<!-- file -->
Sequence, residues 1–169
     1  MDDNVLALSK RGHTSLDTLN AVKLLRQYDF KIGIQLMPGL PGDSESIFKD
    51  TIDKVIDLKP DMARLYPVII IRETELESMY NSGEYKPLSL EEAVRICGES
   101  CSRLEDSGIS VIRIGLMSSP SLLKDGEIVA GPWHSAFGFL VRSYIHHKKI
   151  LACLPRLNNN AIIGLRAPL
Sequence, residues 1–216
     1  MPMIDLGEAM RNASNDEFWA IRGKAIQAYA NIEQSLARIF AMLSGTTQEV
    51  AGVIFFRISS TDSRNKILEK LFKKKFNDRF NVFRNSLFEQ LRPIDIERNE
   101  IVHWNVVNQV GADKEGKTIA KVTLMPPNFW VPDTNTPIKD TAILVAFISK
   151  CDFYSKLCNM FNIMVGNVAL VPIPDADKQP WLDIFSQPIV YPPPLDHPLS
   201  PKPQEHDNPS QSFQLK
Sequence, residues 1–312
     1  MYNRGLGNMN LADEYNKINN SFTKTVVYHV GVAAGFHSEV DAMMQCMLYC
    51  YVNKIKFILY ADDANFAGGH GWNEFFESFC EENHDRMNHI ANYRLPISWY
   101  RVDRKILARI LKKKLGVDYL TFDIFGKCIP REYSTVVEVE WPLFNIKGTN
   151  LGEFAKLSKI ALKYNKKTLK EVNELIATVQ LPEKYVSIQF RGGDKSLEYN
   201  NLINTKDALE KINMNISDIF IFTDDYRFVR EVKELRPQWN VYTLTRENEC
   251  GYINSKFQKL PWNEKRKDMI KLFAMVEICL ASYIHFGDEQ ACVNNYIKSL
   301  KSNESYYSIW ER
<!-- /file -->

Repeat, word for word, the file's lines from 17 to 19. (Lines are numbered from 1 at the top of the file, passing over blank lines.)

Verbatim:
   201  NLINTKDALE KINMNISDIF IFTDDYRFVR EVKELRPQWN VYTLTRENEC
   251  GYINSKFQKL PWNEKRKDMI KLFAMVEICL ASYIHFGDEQ ACVNNYIKSL
   301  KSNESYYSIW ER